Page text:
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Customer Contracts: Everything You Need to Know

In our work helping business owners get their outstanding invoices paid ahead of 30, 60, or 90 day payment terms, sometimes we’ve come across clients who don’t have a written contract with their customer, and they want a primer on customer contracts. (This is especially common with our oil and gas clients.) Oftentimes the business owner already has a good relationship with the client and didn’t see a need to have a contract.  

 

While verbal contracts are legal, they can be impossible to enforce if there’s a disagreement. Having customer contracts in place before starting a project ensures that both you and your client are on the same page about what exactly needs to be done and when by both parties. We’ll go over the requirements to make a contract enforceable, the basics to include in your customer contracts going forward, and why contracts matter for invoice factoring. (We also have a post about vendor agreements if you’d like more information on another type of contract!)

Customer contract requirements

A contract is an agreement between two or more parties upon mutual obligations, that is also enforceable by law. For a contract to be legally enforceable, each of these elements has to be present:

 

  • Offer. One party offers to perform a service or sell a product. 
  • Acceptance. The other party who is being presented the offer has to agree to the terms. 
  • Consideration. Both parties have to have an obligation under the contract; they aren’t binding unless there’s something of value exchanged. In the case of customer contracts, one party delivers goods or services and the other party pays money for them. 
  • Capacity. Each party has to fully understand their obligations when they agree and assume that the other party has the legal capacity and practical ability to fulfill their obligation. 

 

With that background, what should you include in your customer contract?

Elements to include in your customer contract

It’s entirely possible to write a contract yourself. You don’t need to include any legalese as long as you write in clear, easy to understand language. If you decide to go this route, it’s always a good idea to have it reviewed by an attorney first. As you draft your contract, make sure you include the following:

 

  • Contact info. Include the mailing address, phone number, and email address of each party at the top. 
  • Date. The full date of when the contract was executed, or signed by you and your customer.
  • Project scope and details. Explain everything you’re going to do for the customer along with anything they need to do in order for you to complete the work. 
  • Payment terms. Beyond the total cost, include a payment schedule for down payments and payments based on project milestones. Add the ways you accept payment, payment due dates, and what happens if a payment is late.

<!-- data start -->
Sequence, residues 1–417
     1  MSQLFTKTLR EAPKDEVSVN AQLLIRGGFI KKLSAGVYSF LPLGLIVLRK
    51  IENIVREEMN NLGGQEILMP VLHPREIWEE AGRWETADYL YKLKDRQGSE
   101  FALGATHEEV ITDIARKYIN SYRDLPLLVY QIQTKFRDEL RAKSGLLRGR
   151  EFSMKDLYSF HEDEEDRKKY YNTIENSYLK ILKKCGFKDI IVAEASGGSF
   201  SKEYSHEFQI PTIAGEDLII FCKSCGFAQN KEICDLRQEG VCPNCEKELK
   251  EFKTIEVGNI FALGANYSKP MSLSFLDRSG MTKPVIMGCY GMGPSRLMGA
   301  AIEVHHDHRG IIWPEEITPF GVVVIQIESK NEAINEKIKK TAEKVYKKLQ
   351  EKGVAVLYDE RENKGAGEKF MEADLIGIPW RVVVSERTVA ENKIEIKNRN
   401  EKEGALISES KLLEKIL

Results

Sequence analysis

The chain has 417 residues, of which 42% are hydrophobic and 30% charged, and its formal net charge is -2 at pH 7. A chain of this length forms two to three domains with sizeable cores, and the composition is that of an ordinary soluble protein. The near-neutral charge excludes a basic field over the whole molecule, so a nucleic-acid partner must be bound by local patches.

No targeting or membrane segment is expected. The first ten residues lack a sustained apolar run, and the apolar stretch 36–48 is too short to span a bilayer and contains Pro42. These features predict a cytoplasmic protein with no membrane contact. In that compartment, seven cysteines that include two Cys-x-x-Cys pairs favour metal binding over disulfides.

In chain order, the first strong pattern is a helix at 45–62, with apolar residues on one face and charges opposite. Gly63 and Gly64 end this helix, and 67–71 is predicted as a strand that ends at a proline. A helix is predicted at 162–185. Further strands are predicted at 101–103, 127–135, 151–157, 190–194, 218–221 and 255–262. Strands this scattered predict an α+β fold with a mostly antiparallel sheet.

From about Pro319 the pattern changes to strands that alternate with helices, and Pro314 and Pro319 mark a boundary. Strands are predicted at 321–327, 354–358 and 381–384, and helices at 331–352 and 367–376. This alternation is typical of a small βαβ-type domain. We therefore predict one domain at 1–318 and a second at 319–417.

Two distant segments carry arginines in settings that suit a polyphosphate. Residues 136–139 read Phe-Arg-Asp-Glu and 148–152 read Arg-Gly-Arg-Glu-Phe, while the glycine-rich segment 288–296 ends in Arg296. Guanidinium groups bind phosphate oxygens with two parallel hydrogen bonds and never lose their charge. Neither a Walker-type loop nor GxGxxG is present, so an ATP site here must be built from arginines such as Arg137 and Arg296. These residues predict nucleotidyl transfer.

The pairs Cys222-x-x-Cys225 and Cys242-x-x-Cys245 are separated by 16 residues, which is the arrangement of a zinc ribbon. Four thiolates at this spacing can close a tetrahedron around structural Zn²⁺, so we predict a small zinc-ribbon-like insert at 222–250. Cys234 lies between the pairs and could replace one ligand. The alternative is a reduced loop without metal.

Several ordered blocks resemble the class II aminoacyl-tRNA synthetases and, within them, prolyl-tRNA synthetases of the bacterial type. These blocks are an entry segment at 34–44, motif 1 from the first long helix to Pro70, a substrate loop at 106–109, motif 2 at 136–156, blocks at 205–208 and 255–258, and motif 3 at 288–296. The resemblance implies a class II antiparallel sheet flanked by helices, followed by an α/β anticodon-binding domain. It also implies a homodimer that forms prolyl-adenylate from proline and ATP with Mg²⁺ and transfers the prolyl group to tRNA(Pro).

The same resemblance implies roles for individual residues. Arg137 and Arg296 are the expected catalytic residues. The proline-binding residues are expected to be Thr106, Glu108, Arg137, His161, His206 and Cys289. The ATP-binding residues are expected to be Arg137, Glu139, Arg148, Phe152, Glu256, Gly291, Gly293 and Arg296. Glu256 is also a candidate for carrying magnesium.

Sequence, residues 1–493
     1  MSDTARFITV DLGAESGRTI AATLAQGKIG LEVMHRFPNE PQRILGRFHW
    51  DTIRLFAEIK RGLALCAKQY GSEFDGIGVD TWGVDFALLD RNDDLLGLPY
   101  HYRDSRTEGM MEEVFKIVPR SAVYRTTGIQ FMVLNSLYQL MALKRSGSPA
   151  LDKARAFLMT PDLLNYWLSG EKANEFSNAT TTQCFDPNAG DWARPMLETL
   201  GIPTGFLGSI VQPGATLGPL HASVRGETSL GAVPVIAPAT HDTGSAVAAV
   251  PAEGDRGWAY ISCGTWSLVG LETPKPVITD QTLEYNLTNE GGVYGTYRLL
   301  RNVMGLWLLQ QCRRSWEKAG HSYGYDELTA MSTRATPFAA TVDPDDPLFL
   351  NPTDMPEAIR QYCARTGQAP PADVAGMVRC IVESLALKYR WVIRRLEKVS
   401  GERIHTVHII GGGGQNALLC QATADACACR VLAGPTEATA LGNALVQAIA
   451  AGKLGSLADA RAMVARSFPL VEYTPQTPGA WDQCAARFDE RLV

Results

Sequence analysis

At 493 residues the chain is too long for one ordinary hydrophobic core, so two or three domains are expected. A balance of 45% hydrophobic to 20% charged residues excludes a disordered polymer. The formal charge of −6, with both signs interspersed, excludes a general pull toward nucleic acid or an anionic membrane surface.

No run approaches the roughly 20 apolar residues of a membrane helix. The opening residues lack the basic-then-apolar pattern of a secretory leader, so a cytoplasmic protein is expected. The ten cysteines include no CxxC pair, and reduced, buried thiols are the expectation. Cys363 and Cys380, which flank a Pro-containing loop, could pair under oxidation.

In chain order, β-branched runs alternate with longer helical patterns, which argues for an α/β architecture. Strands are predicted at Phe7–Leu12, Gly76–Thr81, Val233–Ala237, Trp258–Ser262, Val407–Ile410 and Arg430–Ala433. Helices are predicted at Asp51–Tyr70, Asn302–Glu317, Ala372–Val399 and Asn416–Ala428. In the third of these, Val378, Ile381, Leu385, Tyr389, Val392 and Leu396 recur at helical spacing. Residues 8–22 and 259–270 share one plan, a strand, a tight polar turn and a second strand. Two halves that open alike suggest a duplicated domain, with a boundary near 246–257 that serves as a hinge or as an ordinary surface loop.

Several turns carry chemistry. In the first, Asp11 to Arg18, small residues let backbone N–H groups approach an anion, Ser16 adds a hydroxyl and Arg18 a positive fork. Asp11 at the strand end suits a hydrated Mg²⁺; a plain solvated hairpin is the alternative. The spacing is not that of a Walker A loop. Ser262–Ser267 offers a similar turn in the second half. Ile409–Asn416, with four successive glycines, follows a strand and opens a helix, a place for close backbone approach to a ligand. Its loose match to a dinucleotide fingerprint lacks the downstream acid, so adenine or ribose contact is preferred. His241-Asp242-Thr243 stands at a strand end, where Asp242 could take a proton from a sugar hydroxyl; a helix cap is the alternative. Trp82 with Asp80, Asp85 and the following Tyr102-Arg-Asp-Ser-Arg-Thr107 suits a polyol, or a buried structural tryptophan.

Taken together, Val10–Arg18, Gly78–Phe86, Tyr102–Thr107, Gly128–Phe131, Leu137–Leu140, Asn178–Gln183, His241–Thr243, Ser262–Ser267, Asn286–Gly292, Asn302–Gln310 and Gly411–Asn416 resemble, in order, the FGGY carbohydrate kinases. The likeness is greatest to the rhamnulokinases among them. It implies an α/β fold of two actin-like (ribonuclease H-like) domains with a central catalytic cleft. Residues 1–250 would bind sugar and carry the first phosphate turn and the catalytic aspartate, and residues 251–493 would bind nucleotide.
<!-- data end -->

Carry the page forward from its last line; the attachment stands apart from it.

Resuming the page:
• Non-disclosure agreement. If either of you will communicate sensitive company information during the course of the work, make sure you both agree that it needs to stay confidential. 
  • Independent contractor status. Make it clear that you’re not an employee of your customer. 
  • Termination provisions. Decide on the conditions that would have to be met for the contract to be terminated. Examples include late payments or missed project deadlines.
  • Dispute resolution. If a contract disagreement comes to the point where it needs official resolution, both you and your customer can save time (and possibly money) by agreeing to settle the dispute with a mediator rather than going to court. 
  • Signature. Obviously, include a signature line for both parties. 

Download: The Ultimate Invoice Factoring Guide Ebook. 47 Questions Answered. (Access here).

Why customer contracts matter for invoice factoring

If you’re considering invoice factoring as a way to fund your business, it’s important to have a contract in place. It shows when the payment from the customer is due, enabling a factoring company to offer a firm price up front based on the length of the payment terms. 

 

For oil and gas customers in particular, a contract is helpful because a customer might not always give explicit approval of an invoice. Another option in this situation is to look at the contract and verify that you’ve sent in all the required backing documentation that you need to get paid. For some factoring companies, knowing that you’ve fulfilled your end of the deal to your customer in accordance with a contract is proof enough that the invoice will get paid, so they will go ahead and get you funded.  

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